The movie delivers what you would expect in a typical Star Cinema film- very Pinoy, very human, easy to relate to. (This review of A Very Special Love contains some spoilers. Proceed if you still wish to do so.)
Positive energy personified Laida tames her cantankerous man of a boss, Miguel “Miggy” Montenegro, the son of an industrialist (Dante Rivero). Miggy struggled all his life to be number 1 in whatever he does in order to erase the shame of being an illegitimate child. Laida enters Miggy’s life at a time when his men’s magazine, BACHELOR, is flailing and holding on for dear life. She becomes his editorial assistant and, through a series of fortunate events, ends up being more than that.
The movie moves fast. The three weeks Miggy has to re-launch his magazine is depicted clearly in the well-crafted scenes relating the rollercoaster life of the BACHELOR staff. There was sensible use of humor, witty one-liners, current lingo, and the proverbial permutations of declaration of love between lovers and among family members. The movie house rang with laughter, sighs, and sniffles, punctuating key scenes in the film with real human emotion.
The entire look of the film is tight, literally and figuratively; there were no sweeping vistas to ogle at. The BACHELOR office was a tiny, Laida’s room even tinier. Settings were almost always the same, as if a metaphor for the cramping misery of Miggy. But the main visual element of the film really has to be on-screen presence of John Lloyd Cruz and Sarah Geronimo. They look good and look good together. I can’t quite explain it; you have to watch it to understand what I mean.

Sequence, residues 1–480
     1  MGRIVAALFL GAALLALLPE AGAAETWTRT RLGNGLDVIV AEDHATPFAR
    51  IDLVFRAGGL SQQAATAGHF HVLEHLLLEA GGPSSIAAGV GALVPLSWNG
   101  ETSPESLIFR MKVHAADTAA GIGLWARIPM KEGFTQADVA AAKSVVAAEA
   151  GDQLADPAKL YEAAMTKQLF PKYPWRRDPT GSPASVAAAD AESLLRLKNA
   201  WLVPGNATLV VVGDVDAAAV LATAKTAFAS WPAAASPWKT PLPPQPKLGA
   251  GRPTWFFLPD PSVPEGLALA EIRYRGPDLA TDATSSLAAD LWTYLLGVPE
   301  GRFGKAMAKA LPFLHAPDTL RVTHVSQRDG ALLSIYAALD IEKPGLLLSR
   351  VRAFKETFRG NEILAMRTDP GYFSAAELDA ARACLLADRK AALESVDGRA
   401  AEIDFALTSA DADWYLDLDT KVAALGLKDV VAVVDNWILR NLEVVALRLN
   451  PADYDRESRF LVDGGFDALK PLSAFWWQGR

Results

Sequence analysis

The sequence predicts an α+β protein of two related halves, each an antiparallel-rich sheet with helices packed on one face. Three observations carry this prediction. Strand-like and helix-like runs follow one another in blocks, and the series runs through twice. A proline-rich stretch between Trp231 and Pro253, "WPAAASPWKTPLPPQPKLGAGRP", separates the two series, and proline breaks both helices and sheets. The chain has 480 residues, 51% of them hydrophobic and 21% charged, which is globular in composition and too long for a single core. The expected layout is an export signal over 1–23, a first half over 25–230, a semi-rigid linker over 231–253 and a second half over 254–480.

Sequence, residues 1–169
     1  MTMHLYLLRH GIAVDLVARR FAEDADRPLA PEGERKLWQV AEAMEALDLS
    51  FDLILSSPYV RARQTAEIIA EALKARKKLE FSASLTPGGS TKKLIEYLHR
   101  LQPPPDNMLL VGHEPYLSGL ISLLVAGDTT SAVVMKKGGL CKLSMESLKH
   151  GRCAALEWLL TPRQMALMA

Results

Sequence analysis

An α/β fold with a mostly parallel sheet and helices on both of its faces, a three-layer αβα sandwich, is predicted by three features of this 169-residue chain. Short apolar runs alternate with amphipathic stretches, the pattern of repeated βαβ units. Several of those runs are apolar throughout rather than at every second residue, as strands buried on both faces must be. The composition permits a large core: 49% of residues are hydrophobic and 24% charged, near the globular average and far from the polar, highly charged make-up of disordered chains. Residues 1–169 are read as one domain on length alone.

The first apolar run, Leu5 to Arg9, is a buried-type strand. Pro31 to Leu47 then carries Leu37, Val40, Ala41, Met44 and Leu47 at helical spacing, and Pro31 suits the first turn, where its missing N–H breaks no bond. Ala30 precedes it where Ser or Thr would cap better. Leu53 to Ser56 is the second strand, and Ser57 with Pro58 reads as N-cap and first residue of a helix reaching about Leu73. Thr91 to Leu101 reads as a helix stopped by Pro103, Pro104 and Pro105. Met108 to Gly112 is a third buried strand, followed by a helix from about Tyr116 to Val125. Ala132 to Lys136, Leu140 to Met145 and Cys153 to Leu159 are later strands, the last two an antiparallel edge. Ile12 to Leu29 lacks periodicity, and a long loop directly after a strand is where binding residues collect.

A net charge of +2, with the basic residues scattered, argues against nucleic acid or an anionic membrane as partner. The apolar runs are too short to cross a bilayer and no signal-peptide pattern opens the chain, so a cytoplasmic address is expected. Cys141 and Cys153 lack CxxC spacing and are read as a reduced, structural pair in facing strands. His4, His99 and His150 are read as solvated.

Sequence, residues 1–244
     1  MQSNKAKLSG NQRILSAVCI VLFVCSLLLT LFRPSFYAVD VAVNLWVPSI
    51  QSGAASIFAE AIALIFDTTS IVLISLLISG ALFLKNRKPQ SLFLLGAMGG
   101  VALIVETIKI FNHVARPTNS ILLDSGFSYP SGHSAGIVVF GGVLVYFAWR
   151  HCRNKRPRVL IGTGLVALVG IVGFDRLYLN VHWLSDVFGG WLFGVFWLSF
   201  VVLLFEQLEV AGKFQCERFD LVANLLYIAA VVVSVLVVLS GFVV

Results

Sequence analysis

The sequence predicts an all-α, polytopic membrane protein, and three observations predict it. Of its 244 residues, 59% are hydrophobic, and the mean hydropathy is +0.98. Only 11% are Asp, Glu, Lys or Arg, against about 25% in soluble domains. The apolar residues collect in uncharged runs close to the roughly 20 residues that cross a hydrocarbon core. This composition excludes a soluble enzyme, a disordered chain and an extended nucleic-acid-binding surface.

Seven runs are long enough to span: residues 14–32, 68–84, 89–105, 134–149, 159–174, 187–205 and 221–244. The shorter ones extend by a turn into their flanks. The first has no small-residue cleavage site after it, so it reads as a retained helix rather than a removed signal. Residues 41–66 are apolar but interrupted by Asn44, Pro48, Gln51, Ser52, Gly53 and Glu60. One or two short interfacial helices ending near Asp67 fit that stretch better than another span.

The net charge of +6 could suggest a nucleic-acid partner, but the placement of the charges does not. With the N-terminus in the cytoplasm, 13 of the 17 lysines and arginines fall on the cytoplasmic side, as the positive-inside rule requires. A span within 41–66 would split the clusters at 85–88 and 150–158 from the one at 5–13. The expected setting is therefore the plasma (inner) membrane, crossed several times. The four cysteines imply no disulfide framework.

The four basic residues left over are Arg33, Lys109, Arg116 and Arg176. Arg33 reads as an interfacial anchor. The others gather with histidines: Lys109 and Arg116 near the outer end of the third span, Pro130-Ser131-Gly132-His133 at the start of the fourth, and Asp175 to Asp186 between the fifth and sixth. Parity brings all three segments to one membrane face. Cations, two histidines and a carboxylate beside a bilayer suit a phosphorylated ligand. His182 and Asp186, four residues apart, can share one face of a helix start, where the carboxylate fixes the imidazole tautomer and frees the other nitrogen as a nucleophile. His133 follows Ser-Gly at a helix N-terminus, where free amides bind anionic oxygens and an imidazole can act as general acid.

The opening scene revealed a very angry, sarcastic, egotistical Miggy; John Lloyd Cruz disappeared entirely. The goodie-goodie boy has left the building. Miggy’s misery was in your face but not over the top. Similarly, Laida, by way of Sarah Geronimo, is a walking mini-silo of optimism, optimism she consistently effortlessly exuded throughout the film; she does not get tiring. Her fine comedic timing is a revelation.
The BACHELOR staff is an endearing mix of compact characters who move from tackling their monster of a boss to subduing their publication’s competition. Each staff member (ably played by Matet De Leon, Gio Alvarez, Joross Gamboa, among others) contributes a significant gear to the movie’s machinery.
In like manner, the characters in Laida’s family and Miggy’s family maximize the minimal screentime they have. Foremost are Irma Adlwan who played Laida’s mother- shoe magnate and wise counselor; Rowell Santiago, fiscally tight-fisted half-brother of Miggy, and; Dante Rivero, silently suffering but immensely loving father to John Lloyd’s character.
All in all, what I like about the film is its successful attempt to be subtle. The plot is simple, believable. The characters where developed enough to contribute to the story and not muddle it. The lines were human, replete with humor to complement the lump-in-your-throat moments. The minutiae- the chuwaripap in the videoke scene, the pizza merienda, inadvertent peck on the cheek, romping in the rain- all contribute to make the film a gratifying cinematic experience.
You can head home with your heart satisfied, with a silly sheepish grin in your face, thanks to the lovely rendition of Very Special Love by Sarah Geronimo playing in your head and the image of John Lloyd doing the sun dance.
(Photo of official A Very Special Love movie poster is courtesy of http://en.wikipedia.org/wiki/A_Very_Special_Love)